I have had several enquiries regarding contact since the lockdown guidance was introduced.
Cabinet Minister, Michael Gove, caused confusion among families when England announced its lockdown. When he appeared on ITV's Good Morning Britain, he said children were to remain in the household they were currently in. But minutes later, on BBC Breakfast, Mr Gove said children under the age of 18 could move between households.
In my blog of 26th March 2020, I clarified the position regarding current Court Orders and child arrangements during the lockdown. I also explained the further clarification which was provided by the President of the Family Division, Sir Andrew McFarlane.
It was reported this week that a senior judge said; separated couples exploiting the Covid-19 lockdown to stop an ex-partner from seeing their child could face Court action.
Sir Andrew McFarlane says, children should continue to visit parents they do not live with, as long as both households are healthy. Sir Andrew added that those ignoring child Court Orders could end up facing legal action.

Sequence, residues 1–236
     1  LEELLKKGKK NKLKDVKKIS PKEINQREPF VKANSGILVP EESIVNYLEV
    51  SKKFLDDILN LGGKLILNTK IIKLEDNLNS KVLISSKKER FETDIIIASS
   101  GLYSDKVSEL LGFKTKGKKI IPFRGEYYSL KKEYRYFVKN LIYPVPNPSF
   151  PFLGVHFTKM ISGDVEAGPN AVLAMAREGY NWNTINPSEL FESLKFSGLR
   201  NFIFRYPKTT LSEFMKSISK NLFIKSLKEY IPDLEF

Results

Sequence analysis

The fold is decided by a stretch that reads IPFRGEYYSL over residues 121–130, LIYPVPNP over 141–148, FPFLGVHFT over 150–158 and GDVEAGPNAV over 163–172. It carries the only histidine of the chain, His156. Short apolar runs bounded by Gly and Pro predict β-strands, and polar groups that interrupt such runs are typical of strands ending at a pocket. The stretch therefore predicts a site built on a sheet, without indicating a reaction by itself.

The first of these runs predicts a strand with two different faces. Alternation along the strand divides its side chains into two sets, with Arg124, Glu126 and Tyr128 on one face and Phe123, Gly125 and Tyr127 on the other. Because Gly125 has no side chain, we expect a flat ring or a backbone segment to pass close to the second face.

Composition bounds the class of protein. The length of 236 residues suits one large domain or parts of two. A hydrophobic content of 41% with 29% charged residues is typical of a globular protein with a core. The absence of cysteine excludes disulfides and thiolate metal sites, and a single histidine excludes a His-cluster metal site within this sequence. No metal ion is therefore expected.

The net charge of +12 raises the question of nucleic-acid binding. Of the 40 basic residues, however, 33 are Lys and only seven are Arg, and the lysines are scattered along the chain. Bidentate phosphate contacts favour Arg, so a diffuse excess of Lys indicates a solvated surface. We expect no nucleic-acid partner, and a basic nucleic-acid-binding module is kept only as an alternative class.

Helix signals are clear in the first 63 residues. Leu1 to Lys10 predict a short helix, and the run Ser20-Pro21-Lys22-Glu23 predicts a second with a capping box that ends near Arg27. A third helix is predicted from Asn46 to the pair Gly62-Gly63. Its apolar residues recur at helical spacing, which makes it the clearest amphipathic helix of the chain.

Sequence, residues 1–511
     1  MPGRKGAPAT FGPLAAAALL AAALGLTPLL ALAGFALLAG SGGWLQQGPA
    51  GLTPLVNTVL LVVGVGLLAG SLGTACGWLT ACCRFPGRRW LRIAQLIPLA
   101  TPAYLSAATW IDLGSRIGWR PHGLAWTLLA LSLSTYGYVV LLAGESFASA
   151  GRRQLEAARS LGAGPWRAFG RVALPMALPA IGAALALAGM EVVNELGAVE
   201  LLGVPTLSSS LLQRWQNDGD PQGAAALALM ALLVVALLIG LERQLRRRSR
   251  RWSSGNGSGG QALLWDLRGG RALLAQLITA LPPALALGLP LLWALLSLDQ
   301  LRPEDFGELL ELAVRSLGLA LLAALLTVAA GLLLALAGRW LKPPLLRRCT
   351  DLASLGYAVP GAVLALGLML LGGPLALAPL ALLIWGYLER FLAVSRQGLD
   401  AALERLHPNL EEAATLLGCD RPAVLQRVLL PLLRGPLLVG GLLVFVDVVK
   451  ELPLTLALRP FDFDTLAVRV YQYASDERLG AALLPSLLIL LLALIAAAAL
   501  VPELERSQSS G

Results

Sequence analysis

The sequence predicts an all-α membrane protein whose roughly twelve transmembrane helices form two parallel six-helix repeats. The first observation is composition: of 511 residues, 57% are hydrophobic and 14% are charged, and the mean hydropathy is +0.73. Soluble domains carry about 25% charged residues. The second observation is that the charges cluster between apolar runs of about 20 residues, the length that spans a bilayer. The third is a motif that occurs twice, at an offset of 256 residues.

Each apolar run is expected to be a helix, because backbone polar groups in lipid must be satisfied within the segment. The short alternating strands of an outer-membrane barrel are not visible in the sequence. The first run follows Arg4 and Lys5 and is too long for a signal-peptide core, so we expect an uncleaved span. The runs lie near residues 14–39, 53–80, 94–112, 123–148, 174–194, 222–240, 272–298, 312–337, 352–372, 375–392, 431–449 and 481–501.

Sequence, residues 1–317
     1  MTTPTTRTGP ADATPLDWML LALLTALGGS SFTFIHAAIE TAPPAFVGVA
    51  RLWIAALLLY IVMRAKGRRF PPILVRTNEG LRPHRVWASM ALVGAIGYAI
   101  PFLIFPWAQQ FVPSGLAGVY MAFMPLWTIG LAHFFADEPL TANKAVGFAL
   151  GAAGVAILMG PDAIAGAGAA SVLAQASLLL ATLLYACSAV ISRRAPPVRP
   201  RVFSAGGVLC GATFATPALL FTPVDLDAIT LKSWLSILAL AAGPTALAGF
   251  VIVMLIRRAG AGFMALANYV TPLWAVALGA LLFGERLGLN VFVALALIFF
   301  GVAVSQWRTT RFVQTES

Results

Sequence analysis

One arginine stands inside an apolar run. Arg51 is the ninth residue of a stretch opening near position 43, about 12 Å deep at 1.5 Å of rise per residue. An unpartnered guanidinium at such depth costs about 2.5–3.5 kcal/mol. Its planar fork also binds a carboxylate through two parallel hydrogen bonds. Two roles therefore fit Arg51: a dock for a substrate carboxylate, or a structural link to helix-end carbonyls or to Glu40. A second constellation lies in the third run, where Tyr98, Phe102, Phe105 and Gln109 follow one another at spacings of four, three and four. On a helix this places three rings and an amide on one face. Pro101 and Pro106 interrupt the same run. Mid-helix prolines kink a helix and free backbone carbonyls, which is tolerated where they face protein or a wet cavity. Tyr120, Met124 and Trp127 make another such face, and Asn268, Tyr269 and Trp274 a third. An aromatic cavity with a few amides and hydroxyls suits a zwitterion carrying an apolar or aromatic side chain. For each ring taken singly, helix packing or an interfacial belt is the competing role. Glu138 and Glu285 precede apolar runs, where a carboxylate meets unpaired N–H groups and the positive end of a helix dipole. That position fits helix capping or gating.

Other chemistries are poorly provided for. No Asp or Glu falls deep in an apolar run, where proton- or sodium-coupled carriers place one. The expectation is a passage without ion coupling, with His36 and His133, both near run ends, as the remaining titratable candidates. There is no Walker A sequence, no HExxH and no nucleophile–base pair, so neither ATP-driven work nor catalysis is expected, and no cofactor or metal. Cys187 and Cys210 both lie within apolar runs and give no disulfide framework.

He further warned that "If the parents are acting in a cynical and opportunistic manner, then that's wrong, and the Courts will regard it as wrong."
I appreciate that the guidance is permissive, stating that children 'can' move between homes and for some parents, trust and communication have broken down, making conversations over child arrangements seem impossible. However, I would encourage that Court Orders should be adhered to, where safe to do so.
Sir Andrew believes that the guidance is adequate. He says that a child's safety with regard to the virus is a matter for parental judgement, and the Courts would not take that away. He is urging families in conflict to focus on children's welfare, and to make sure they are in touch with both of their parents.
If you are found to be in breach of an Order or you are deliberately using this pandemic as a tool to control contact, please be mindful that Judges will be extremely robust.
You can be faced with punishments such as;-
- a fine;
- costs of the application;
- Community work (there is a great need at this time for voluntary work).
If you are experiencing ongoing issues, help from a mediator and a solicitor is still available to you remotely. All of our family lawyers are members of Resolution and will be happy to assist you with any Family Law issues.
This is not legal advice; it is intended to provide information of general interest about current legal issues.